Monday Morning Cup of Coffee takes a look at news across HousingWire's weekend desk, with more coverage to come on bigger issues.

One month ago, HousingWire chronicled the downfall of Butler & Hosch, once one of the nation’s largest mortgage industry law firms.

Butler & Hosch shut down abruptly last month after almost 35 years in business, filing for an for Assignment for the Benefit of Creditors to Florida law firm Michael E. Moecker & Associates, which is an action similar to Chapter 7 bankruptcy.

Bob Hosch, CEO and senior partner at Butler & Hosch sent a memo to all the firm’s vendors, clients and employees on May 14, saying that the firm no longer had enough cash to continue operating or even to fund payroll for the week, rendering the firm’s 700 employees unemployed seemingly overnight.

“Though Mr. Moecker has complete access to our assets, he will not have sufficient cash on hand to fund payroll at the end of this week,” Hosch said in the memo, which was obtained by HousingWire.

“Without BH employees and attorneys there is no ongoing operation. BH cannot continue to function,” Hosch continued. “To be clear, while I continue to hold out hope that our existing lender and/or strategic partners may provide an infusion of cash today, without it, BH will have no choice but to close its doors immediately."

Now, one month later, some parts of the firm – from the computers, to the file cabinets, to some clients and even some employees – are on the verge of a reprieve.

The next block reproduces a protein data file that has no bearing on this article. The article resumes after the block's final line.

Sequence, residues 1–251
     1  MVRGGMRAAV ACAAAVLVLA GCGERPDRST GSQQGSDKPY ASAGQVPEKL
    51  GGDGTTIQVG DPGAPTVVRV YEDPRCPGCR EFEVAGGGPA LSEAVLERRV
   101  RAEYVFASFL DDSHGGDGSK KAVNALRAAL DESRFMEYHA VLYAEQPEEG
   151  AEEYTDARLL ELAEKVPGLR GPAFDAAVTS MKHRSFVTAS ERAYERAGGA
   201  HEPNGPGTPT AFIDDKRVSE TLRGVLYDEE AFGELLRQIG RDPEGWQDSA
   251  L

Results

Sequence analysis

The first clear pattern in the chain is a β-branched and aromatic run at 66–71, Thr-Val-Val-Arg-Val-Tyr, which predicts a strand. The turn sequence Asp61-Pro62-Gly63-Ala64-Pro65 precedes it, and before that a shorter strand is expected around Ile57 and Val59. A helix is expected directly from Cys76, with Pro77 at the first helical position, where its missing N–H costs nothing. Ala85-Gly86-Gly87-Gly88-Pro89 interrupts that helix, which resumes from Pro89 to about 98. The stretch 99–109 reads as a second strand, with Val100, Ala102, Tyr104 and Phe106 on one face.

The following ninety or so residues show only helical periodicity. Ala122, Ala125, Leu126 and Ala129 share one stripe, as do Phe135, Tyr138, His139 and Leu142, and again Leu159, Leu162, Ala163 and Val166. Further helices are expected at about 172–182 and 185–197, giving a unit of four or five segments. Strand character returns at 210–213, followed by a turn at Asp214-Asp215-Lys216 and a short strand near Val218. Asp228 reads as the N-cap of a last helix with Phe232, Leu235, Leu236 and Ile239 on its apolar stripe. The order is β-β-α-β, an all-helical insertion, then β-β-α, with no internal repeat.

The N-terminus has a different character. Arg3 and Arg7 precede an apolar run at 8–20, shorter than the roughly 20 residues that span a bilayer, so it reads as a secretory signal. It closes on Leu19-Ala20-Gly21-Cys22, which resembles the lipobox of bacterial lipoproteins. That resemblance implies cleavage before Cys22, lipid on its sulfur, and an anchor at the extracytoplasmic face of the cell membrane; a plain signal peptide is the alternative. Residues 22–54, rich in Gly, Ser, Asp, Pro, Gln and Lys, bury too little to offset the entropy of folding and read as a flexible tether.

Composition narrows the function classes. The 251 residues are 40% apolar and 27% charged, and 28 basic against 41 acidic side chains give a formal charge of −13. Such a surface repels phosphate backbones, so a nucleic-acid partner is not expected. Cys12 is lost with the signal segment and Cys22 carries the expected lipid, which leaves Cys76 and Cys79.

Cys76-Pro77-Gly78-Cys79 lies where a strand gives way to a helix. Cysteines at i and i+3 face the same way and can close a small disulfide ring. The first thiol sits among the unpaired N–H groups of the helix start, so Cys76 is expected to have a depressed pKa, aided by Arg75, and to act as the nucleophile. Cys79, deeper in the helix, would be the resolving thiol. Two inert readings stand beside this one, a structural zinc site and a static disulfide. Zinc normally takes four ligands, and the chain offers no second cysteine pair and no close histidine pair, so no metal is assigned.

According to a report from the Orlando Sentinel, Pennsylvania foreclosure law firm Stern & Eisenberg is bidding $150,000 for file cabinets, furniture, computers and servers from six Butler & Hosch offices.

From the Orlando Sentinel report:

Eisenberg’s managing partner, Steven Eisenberg, said in an interview he is trying to pick up some of the foreclosure cases.

“I’m in the process of acquiring the case management system, which does have some data. I don’t take control of the files but some of the clients are retaining me,” Eisenberg said. “I hope that my firm picks up the cases, and that clients use my services.”

The report states that the computers will be scrubbed of client information, per the request of the attorney represent Moecker’s office, Donald Kirk.

Kirk told the Orland Sentinel that roughly half of Butler & Hosch’s foreclosure case files have already been transferred back to the lender.

“We’ve already transitioned 20,000 case files out to their clients, about 10,000 of which went to Bank of America’s representative,” Kirk told the Orlando Sentinel. “We have worked diligently in trying to preserve the client files by getting them to the clients as quickly as possible. It’s been a challenge because we have very limited assets to work with, and we can’t look at the files because of confidentiality issues.”

Eisenberg also told the Sentinel that he has hired 60 to 70 of Butler & Hosch’s former employees.

According to the Sentinel report, a hearing to approve the sale to Eisenberg is scheduled for July 6 in Orlando.

Last week saw interest rates climb back above 4% for the first time since Nov. 2014. According to Freddie Mac’s Primary Mortgage Market Survey, the 30-year fixed-rate mortgage averaged 4.04% with an average 0.6 point for the week ending June 11, up from last week when it averaged 3.87%. 

Somewhat surprisingly, mortgage applications actually rose during a similar time period, despite the rise in interest rates. Mortgage applications increased 8.4% from one week earlier, according to data from the Mortgage Bankers Association’s Weekly Mortgage Applications Survey for the week ending June 5, 2015.

Those two developments could mean that the housing recovery is actually on stronger footing than previously thought, according to analysts at Bank of America Merrill Lynch (BAC).

In BofAML’s Securitization Weekly Overview, MBS strategists Chris Flanagan and Mao Ding write that last week’s reports are a “moment of truth” for the housing industry.